Well-Bred Filly Ready To Roll

Published: April 9, 2013 11:01 am EDT

"[She is] a pretty normal horse and nothing really makes her stand out from the rest until you send her down the track.”

Contessa Leigh is practically a member of the family for Marty Wollam.

The 63-year-old Ohio horseman trained and raced both her sire, Full Count, and her grandsire, Striking Sahbra, as well as her dam, Howl. He also trained her older brother, Count Me In, a top Ohio Sires Stakes performer in recent years.

Certainly Contessa Leigh’s ability is not in question. Last year as a two-year-old, the bay trotter won five of her seven starts, including a romping win in the $100,000 Ohio Sires Stakes final at Scioto Downs in early September.

Wollam was familiar enough with her family to know that she’d likely be an aggressive filly when placed in a race. And Wollam’s fear was well-founded.

“Her major fault is that she is too aggressive on the track,” said Wollam. Although, the Circleville native is a master at training trotters and he’s encountered this problem previously and knows how to solve it for the upcoming campaign.

“I keep making equipment changes with the hope that she will learn to relax,” he said.

Wollam is pointing Contessa Leigh for the first leg of the Ohio Sires Stakes competition in 2013 on May 3 at Lebanon Raceway in southwest Ohio.

“She is training back good and should be qualifying this week at Northfield Park if the weather is good,” he said. “I have a few weeks to get a couple of qualifiers in her before the Ohio Sires Stakes starts at Lebanon.”

Contessa Leigh was bred by Patricia Wollam, who passed away last year. The filly's ownership was assumed by Marty, who now owns the filly in partnership with G and B Racing. Last year the filly banked $93,616 for her owners, and this year has a chance to pad her bankroll considerably.

Two decades ago, Wollam developed the precocious trotting colt Striking Sahbra, a winner of 10 races in 11 starts as a two-year-old. He later went on to a very successful breeding career.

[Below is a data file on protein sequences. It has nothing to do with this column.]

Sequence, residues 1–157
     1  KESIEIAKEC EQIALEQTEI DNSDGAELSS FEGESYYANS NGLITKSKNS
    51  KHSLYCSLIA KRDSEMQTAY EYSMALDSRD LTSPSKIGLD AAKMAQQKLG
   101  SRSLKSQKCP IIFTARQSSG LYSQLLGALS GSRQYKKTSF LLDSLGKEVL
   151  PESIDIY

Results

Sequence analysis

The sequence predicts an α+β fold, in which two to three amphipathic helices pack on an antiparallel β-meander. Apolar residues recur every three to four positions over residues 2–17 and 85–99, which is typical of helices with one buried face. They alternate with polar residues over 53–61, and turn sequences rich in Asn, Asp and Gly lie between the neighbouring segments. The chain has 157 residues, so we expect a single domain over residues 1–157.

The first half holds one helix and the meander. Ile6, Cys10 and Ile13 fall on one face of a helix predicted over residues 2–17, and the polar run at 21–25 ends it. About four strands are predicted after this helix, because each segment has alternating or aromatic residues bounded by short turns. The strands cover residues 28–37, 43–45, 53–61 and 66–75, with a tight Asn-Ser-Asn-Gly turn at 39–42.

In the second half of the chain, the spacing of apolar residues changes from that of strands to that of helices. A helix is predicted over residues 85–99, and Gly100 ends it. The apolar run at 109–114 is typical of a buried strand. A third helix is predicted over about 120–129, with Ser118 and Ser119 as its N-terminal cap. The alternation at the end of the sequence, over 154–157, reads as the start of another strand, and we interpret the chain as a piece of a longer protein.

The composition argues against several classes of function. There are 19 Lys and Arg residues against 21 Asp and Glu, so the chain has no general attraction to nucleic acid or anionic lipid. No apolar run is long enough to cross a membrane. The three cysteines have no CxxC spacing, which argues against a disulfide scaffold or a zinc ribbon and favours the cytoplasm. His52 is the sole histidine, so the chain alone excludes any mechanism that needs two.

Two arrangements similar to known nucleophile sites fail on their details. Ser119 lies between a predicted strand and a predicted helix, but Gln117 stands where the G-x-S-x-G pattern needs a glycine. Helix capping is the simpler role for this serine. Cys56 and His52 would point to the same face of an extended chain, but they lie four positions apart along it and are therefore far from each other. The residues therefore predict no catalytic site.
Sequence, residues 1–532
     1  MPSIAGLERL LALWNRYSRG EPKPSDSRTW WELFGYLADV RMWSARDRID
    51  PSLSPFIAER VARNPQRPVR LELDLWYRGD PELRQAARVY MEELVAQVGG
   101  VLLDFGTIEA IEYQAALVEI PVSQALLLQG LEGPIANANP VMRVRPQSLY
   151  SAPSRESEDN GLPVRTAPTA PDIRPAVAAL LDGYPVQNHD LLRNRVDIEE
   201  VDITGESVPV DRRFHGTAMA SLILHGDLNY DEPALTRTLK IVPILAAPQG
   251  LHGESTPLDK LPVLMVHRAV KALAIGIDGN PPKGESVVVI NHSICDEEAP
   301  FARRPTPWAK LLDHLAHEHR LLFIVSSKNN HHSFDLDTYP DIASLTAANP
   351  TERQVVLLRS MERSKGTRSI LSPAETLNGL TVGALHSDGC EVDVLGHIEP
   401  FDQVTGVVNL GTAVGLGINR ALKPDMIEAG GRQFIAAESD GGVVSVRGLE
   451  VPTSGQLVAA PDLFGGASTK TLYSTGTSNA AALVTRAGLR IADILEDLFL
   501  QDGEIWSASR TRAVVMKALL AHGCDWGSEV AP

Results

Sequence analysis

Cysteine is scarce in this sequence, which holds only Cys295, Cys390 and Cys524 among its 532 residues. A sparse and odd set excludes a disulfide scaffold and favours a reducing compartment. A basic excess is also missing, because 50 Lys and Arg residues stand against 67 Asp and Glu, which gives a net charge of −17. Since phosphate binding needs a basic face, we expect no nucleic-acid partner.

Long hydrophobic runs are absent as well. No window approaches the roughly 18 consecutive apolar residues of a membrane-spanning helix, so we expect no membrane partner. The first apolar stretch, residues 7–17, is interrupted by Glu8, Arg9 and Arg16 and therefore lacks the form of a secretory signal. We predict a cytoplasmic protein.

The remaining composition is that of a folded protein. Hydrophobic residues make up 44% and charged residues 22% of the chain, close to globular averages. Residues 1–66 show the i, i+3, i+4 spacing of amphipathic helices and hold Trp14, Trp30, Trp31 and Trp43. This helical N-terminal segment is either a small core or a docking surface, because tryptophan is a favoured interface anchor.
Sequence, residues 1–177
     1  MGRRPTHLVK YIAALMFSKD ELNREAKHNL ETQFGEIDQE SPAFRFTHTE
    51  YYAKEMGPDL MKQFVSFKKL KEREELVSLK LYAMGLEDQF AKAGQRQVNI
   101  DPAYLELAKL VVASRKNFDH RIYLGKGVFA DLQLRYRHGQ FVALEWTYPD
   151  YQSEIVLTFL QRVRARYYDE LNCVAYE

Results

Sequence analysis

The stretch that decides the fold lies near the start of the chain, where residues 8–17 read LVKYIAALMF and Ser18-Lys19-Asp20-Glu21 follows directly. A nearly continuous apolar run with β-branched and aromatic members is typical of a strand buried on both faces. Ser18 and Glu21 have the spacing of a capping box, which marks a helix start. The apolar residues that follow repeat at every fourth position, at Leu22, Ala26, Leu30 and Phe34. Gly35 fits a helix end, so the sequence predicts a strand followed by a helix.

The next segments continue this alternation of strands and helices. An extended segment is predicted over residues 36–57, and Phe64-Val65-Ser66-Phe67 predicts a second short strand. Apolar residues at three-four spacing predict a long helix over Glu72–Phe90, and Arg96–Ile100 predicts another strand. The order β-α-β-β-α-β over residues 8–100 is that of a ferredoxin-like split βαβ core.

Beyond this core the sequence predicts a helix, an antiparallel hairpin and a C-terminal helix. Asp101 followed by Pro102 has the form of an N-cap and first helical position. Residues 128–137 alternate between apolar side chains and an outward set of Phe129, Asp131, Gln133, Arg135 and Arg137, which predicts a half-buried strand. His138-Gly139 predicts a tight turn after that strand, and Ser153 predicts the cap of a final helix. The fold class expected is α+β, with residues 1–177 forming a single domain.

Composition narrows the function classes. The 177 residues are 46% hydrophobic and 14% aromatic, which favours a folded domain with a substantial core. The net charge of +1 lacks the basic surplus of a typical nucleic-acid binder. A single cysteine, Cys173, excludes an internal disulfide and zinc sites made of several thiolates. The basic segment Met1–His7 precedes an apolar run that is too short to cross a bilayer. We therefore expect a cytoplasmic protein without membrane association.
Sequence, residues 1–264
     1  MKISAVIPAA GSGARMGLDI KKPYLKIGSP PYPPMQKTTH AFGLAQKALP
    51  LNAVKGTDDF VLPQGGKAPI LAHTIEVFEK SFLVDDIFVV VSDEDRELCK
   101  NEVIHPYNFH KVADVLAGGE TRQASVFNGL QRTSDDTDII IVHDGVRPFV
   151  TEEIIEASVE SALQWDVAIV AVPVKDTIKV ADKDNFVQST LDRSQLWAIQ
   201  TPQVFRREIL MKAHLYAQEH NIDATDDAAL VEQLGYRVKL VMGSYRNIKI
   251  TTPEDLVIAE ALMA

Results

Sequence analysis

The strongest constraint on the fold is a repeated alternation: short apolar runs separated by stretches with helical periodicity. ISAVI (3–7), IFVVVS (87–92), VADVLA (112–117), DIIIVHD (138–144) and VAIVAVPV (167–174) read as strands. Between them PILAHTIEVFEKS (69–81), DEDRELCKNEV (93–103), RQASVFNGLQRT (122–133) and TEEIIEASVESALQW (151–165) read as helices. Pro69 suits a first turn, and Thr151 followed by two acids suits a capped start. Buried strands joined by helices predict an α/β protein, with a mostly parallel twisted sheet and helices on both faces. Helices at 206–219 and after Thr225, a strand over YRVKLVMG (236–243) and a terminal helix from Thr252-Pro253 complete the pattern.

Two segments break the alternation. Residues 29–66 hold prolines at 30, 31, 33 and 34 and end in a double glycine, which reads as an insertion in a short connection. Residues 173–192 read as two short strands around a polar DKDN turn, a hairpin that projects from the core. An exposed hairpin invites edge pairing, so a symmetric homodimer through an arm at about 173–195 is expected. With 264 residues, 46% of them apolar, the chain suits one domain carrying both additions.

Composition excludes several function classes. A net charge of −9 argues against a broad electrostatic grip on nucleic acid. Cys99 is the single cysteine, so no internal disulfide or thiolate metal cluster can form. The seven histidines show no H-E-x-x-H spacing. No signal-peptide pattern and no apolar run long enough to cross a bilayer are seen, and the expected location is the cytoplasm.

One of his best sons was Full Count, a winner of almost a quarter-million over three seasons. Contessa Leigh is the fourth foal (and first filly) by Full Count out of Wollams’ mare, Howl. Wollam had trained and raced Howl, but she suffered two fractures in her knees that curtailed her career.

Wollam wasn’t surprised that Contessa Leigh was headstrong on the track, as he knows the foals of Full Count have that tendency.

To counter that flaw, Wollam points out that Full Count’s offspring have the good gait and willingness of both their sire and grandsire Striking Sahbra.

Wollam brought Contessa Leigh along carefully and she ended the season with five consecutive wins. Her biggest score was a six and three-quarter-length score on Ohio Super Night. In that race, she was a heavy 3-5 favourite in the betting and Wollam let her seize control right after the start. He eased her back during the middle half-mile of the track and she had plenty left to leave her pursuers in the dust.

Last year, Contessa Leigh posted two wins over the tight turns on the half-mile track at Northfield Park, so Wollam is confident that she will fare well on the half-mile track at Lebanon where the Ohio Sires Stakes season gets underway.

“'Contessa' is a little handier on the half-mile track than her [brother] Full Count was as a three-year-old, but they are alike in manners and gait,” said Wollam.

Wollam, one of Ohio’s most respected trainers with a history of champions to his credit, says, “Contessa Leigh is a pretty normal horse and nothing really makes her stand out from the rest until you send her down the track.”

(Ohio State Racing Commission)